Uber Eats boss calls for new rules to protect workers

 

The head of Uber is calling for new regulations to protect gig economy workers after the deaths of five delivery riders in Australia in just two months, including two delivering goods for Uber Eats.

Uber chief executive Dara Khosrowshahi told News Corp minimum insurance, training, and workplace standards needed to be established to protect workers, and "regulators have to be part of the dialogue".

Mr Khosrowshahi said the company had also contacted the families of the two deceased Uber Eats workers and would be providing financial support.

His comments come after the Transport Workers Union (TWU) staged a vigil outside Uber's Sydney headquarters today in memory of the riders, and the New South Wales government launched a taskforce to investigate conditions in the industry.

Delivery workers and the Transport Workers Union hold a vigil outside Uber's Sydney office after the deaths of five delivery riders in two months.
Delivery workers and the Transport Workers Union hold a vigil outside Uber's Sydney office after the deaths of five delivery riders in two months.

Mr Khosrowshahi, who has been speaking to delivery drivers and riders as part of a virtual tour of the company's Australian operations this week, said he wanted "to have this dialogue" with politicians and was open to introducing changes to protect workers.

Minimum workplace insurance standards, mandatory training, and occupational health and safety consultations could be among the changes, he said, and should apply to all gig economy workers.

"Bad things are going to happen, especially in an industry growing as fast as ours, but we want to make sure that the safety standards are there," he said.

"These are areas where we can raise the bar and I think the whole industry should participate. And if you want the whole industry to participate then regulators have to be part of the dialogue."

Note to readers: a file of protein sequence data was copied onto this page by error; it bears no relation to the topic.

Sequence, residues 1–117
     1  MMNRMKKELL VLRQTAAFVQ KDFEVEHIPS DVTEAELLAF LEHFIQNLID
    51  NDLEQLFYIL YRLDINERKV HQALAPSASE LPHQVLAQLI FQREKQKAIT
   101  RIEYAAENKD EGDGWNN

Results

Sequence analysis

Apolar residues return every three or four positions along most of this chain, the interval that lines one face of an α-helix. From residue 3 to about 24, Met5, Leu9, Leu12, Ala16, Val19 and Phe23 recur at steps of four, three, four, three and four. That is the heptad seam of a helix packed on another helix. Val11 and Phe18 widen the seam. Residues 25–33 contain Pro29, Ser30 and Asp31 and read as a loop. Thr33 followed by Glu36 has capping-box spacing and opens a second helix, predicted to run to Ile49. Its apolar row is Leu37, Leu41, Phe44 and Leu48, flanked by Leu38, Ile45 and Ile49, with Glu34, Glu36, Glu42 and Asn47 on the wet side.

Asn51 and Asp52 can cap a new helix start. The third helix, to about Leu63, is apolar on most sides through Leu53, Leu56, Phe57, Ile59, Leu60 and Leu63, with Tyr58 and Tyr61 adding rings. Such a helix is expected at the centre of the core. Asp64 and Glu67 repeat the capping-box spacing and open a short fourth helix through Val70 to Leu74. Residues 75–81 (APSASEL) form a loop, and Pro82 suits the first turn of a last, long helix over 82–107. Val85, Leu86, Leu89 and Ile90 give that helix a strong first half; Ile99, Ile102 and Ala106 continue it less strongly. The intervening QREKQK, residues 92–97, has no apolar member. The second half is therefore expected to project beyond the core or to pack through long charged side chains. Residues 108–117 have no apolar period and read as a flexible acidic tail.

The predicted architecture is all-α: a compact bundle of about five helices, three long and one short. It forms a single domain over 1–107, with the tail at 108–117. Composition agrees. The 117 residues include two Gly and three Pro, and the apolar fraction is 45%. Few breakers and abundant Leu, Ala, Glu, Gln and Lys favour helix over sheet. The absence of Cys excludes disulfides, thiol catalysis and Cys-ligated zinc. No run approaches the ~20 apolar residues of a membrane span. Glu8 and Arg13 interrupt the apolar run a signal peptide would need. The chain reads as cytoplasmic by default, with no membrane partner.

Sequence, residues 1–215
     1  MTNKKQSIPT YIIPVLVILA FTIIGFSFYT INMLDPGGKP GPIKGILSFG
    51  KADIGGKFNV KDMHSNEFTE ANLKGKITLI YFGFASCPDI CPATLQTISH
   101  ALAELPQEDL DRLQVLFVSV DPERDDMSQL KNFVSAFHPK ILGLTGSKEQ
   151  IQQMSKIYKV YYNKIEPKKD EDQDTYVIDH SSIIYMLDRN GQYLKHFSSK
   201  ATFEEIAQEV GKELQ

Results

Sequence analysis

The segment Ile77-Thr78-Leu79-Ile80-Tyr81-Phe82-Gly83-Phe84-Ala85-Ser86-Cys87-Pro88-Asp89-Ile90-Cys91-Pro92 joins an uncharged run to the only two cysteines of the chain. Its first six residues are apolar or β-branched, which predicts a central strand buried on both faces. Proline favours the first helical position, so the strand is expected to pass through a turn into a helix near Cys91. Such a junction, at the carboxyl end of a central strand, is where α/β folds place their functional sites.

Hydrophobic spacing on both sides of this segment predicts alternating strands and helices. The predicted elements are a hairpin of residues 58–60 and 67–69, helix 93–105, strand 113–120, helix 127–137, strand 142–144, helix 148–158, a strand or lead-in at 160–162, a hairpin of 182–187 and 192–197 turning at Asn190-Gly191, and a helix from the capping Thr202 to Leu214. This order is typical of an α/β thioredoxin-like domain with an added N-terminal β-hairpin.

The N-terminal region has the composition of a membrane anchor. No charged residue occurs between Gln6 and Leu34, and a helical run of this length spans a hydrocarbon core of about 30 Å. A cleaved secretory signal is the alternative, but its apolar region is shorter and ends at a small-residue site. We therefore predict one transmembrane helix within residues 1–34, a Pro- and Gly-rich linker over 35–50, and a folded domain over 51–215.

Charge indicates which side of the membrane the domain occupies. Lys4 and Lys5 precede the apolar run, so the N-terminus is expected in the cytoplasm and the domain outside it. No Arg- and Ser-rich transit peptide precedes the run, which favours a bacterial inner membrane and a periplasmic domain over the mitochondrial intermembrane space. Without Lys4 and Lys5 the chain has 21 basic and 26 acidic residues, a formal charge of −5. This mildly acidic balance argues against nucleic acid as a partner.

Five delivery riders have been tragically killed in Australia in just two months.
Five delivery riders have been tragically killed in Australia in just two months.

Mr Khosrowshahi said Uber introduced accident insurance for its Australian delivery workers in 2018, and had added annual safety checks for bike riders and maximum shift times, but he said companies using delivery workers needed to do "everything that we can to avoid these kinds of tragedies".

Uber had contacted the families of riders Bijoy Paul and Dede Fredy who died while making deliveries, Mr Khosrowshahi said.

"These are tough conversations but we reached out in terms of support and making sure that we're there for them," he said.

"Obviously these are personal tragedies and there's only so much we can do but we want to make sure that the families know that we are there for them."

 

Mr Khosrowshahi's comments come after a food delivery driver died in a road accident in Sydney on Monday, which followed the death of Mr Paul on Saturday.

The five men killed on Australian roads over the past two months were working for Uber Eats, DoorDash and Hungry Panda.

TWU national secretary Michael Kaine said the deaths were "devastating" and workers gathered in front of Uber's Sydney office to pay respect to the riders and call for "changes so that the carnage stops".

Mr Kaine said the New South Wales government's taskforce into the industry was a positive move but the federal government also needed to introduce national changes to protect Australian workers.

"It's not good enough that states are in a piecemeal way trying to address the problem these billion-dollar global tech giants have created," he said. "We need the Federal Government to act and regulate."

Mr Kaine said delivery workers needed greater training, protective gear and better working conditions, including minimum rates of pay to prevent them racing "around trying to make enough to pay bills".

The NSW taskforce, led by SafeWork NSW and Transport for NSW, is expected to investigate the circumstances behind the workers' deaths, and to assess current safety measures put in place by the delivery operators.

The coronavirus pandemic and subsequent lockdowns have led to a surge in demand for food deliveries.

Mr Khosrowshahi said the food side of the Uber business was now generating more revenue than its rides business, with "probably six years of acceleration compressed into six, very eventful months".

 

 

Originally published as Uber Eats boss calls for new rules to protect workers



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